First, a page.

Monteith LL, Bahraini NH, Menefee DS. Perceived Burdensomeness, Thwarted Belongingness, and Fearlessness About Death: Associations With Suicidal Ideation Among Female Veterans Exposed to Military Sexual Trauma. J Clin Psychol. 2017;73(12):1655-1669. PubMed PMID: 28186637.
* Article titles in AMA citation format should be in sentence-case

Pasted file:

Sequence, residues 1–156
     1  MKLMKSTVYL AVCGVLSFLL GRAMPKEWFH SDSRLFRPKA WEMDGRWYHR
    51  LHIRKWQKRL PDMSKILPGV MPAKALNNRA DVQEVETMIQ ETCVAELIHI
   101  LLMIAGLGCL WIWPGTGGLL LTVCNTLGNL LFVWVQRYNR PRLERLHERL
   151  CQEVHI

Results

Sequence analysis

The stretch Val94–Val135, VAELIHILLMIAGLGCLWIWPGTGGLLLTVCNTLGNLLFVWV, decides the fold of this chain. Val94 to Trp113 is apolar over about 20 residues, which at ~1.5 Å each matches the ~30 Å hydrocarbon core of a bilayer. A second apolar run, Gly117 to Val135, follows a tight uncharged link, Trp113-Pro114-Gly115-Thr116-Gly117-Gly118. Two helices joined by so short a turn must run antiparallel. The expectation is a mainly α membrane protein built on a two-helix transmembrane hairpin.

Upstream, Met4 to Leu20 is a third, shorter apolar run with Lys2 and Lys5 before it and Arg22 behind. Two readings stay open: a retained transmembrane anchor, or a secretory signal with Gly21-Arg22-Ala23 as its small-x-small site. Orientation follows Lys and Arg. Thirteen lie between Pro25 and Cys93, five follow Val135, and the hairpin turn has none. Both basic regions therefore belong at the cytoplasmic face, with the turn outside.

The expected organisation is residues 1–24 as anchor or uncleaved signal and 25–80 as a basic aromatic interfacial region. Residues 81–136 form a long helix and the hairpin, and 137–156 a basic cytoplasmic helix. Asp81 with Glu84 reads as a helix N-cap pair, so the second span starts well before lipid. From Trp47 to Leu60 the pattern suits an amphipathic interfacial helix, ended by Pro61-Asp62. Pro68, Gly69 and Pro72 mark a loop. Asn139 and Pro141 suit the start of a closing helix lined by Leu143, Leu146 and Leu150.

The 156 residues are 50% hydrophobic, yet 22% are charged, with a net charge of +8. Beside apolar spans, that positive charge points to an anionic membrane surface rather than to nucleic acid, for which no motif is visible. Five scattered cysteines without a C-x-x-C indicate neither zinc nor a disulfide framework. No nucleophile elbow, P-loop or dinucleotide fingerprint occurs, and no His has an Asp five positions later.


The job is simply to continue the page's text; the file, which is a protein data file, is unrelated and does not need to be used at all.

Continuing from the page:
TY - JOUR T1 - Perceived Burdensomeness, Thwarted Belongingness, and Fearlessness about Death: Associations With Suicidal Ideation among Female Veterans Exposed to Military Sexual Trauma. AU - Monteith,Lindsey L, AU - Bahraini,Nazanin H, AU - Menefee,Deleene S, Y1 - 2017/02/10/ PY - 2016/03/02/received PY - 2016/11/10/revised PY - 2017/01/03/accepted PY - 2017/2/12/pubmed PY - 2018/7/7/medline PY - 2017/2/11/entrez KW - Veterans KW - acquired capability for suicide KW - females KW - interpersonal-psychological theory KW - military sexual trauma KW - perceived burdensomeness KW - suicidal ideation KW - thwarted belongingness SP - 1655 EP - 1669 JF - Journal of clinical psychology JO - J Clin Psychol VL - 73 IS - 12 N2 - OBJECTIVE: Military sexual trauma (MST) is prevalent among female Veterans and is associated with increased risk for suicidal self-directed violence. Yet research examining processes which contribute to suicidal ideation and attempts among MST survivors has been sparse, focusing primarily on psychiatric symptoms or diagnoses, rather than employing a theory-driven approach. The interpersonal-psychological theory (Joiner, 2005) is a leading theory of suicide that may be particularly relevant for understanding suicidal ideation among female Veterans who have experienced MST. We examined whether constructs derived from the interpersonal-psychological theory of suicide (perceived burdensomeness, thwarted belongingness, and fearlessness about death; Joiner, 2005) were associated with suicidal ideation among female Veterans who had experienced MST, when adjusting for known risk factors for suicide. METHOD: Ninety-two female Veterans with a history of MST completed the Interpersonal Needs Questionnaire, Acquired Capability for Suicide Scale - Fearlessness about Death Scale, and Beck Scale for Suicide Ideation. RESULTS: Perceived burdensomeness, thwarted belongingness, and fearlessness about death were each associated with suicidal ideation in the past week, adjusting for prior suicide attempts, current depressive symptoms, and current symptoms of posttraumatic stress disorder. When including all three interpersonal-psychological constructs in the model, only perceived burdensomeness and fearlessness about death were significantly associated with suicidal ideation. CONCLUSION: These findings provide knowledge regarding interpersonal processes that may contribute to suicidal ideation among this high-risk, yet understudied, population. These results also underscore the importance of assessing for interpersonal-psychological constructs-particularly perceived burdensomeness and fearlessness about death-when working with female Veterans who have experienced MST. SN - 1097-4679 UR - https://www.unboundmedicine.com/medline/citation/28186637/Perceived_Burdensomeness_Thwarted_Belongingness_and_Fearlessness_about_Death:_Associations_With_Suicidal_Ideation_among_Female_Veterans_Exposed_to_Military_Sexual_Trauma_ L2 - https://doi.org/10.1002/jclp.22462 DB - PRIME DP - Unbound Medicine ER -